Veronica Roberts

As the summer sun begins to heat up, parents frantically search for camps, internships, volunteer programs, childcare, and entertainment for their children of all ages.

For those who live in the four-season parts of the globe, the few balmy months are the time of sunny fun and outdoor games. At least it was with our generation, but today's youth have so many electronic gadgets at their fingertips that getting them outside and moving can be a challenge.

What with the Play Station game systems, PSP, Nintendo DS, Wii, XBox, cellphones, Facebook, Twitter, Instagram and the rest of the Internet, television, cellphones and the myriad of tech toys we parents unwittenly ply our offspring with, many have developed an aversion to the outdoors. We cannot lay all the blame at their video clicking frenetic thumbs, for we are the ones purchasing these items.

The sedentary tech games (except for Wii) have an adverse effect on our children's weight, which subsequently affect their health. Obesity is on the rise and illnesses like diabetes, asthma, high blood pressure and others start in childhood.

Schools have eliminated daily gym or outside play and this has exacerbated the problem. Where I grew up, there was only one boy I recall being obese and that was because of medical problems. He was outside as much as the rest of the kids in the village, trying hard to join in the games we played.

Remember some of those games and activities? Designed for all occasions, rain or shine, indoors or outdoors? Some of my favorite outdoor, sunny day games were hopscotch, marbles, jump-rope, footsie, tug-of-war, round doves, cricket, soccer, ring-a-ring-a-roses, just to name a few.

Kite-flying, was a national tradition at Easter, with both grown-ups and children alike competing to see whose kite was the biggest, most colorful, highest flying spectacle in the sky.

Some seriously enjoyable athletics for family, church or school picnic day were the three-legged race, bag race, lime-and-spoon, egg and wheelbarrow race, along with the obstacle course.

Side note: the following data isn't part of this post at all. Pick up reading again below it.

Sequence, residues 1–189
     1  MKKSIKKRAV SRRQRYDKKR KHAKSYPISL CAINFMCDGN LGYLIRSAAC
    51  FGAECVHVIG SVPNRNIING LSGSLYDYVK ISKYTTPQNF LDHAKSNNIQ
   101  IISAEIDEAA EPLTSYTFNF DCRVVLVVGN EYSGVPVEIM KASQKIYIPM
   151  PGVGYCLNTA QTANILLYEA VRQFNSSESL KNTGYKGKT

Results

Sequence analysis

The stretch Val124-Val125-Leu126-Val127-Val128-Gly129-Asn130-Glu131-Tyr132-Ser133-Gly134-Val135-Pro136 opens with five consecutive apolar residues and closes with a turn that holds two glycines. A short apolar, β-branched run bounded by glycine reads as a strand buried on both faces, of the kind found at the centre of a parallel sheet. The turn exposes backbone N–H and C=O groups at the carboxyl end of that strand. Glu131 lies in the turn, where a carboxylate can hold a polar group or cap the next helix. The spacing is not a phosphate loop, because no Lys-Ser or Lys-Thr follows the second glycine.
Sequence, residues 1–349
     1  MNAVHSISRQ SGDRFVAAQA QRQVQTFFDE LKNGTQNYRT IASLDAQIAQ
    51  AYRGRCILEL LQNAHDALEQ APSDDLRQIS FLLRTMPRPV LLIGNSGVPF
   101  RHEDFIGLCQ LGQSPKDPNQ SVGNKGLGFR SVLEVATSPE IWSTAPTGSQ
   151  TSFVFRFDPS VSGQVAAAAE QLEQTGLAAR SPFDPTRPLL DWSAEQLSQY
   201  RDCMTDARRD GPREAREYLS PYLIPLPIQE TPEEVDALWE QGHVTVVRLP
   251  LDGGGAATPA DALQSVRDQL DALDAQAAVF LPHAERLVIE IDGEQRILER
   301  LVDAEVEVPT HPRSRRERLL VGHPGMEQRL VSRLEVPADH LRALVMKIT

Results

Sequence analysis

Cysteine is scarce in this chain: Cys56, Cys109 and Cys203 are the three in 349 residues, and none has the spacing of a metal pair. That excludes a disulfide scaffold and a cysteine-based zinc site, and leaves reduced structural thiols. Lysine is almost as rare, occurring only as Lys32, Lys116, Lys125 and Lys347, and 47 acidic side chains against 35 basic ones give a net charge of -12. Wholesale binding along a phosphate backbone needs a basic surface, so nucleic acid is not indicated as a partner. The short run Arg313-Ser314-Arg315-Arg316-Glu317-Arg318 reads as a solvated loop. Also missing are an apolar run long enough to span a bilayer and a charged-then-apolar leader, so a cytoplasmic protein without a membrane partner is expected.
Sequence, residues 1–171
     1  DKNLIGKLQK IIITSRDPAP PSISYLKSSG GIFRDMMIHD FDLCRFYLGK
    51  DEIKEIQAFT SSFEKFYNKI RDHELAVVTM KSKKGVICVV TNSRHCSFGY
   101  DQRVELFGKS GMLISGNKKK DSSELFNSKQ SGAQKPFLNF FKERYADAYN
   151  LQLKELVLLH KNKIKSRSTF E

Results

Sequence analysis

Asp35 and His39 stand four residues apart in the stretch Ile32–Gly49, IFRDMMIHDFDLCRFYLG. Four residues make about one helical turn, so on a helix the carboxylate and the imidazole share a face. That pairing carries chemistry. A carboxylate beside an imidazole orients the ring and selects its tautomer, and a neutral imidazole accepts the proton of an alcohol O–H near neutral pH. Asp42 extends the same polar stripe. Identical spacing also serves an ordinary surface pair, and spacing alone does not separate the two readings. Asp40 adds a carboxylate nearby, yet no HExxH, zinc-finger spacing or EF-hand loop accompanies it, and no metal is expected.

Those that could be played both inside and out were jacks, paper-and-string games that didn't even have names but we relished playing regardless. Paper games like "boy, girl, eat drink" where we had to find words beginning in different letters of the alphabet within a few minutes. If the letter was Z, then we had to write the name of a boy, girl, animal, country, something to eat and drink all beginning in "Z."

Then there was "I Spy," a favorite for when those stormy days emptied a deluge of rain too heavy to play outside. If the rain wasn't heavy and accompanied by lightning and thunder, we would play in it--another source of innocent, uninhibited fun.

But there were those hurricane-like windy and rainy days, perfect for indoor imaginative play. The paper folded in little parts of squares with hidden words written on them was one of the fun games for any kind of weather. Players got to pick a color between red, blue, green, yellow and were at the mercy of what was hidden inside the folded flaps!

The string games were played by making intricate shapes with strings around our fingers, which could be magically untangled and board games like snakes and ladders and checkers. I grew up on an island, so to me childhood meant reading, dreaming, exploring, running, jumping, climbing, swimming. We were always in motion for we didn't have the distraction and sensory overload of the World Wide Web, including social media, video games or even television. [we were too poor to afford luxuries like TV]!'.

We as parents could turn off the television, unplug the electronics and introduce our kids of all ages to these fun "past-times." You might be surprised how much fun our tech babies have "plugging" into these kinds of games. Give it a try.

Can you come up with some more of your own childhood games where an LED screen is not necessary and all it takes is your imagination to have hours of fun?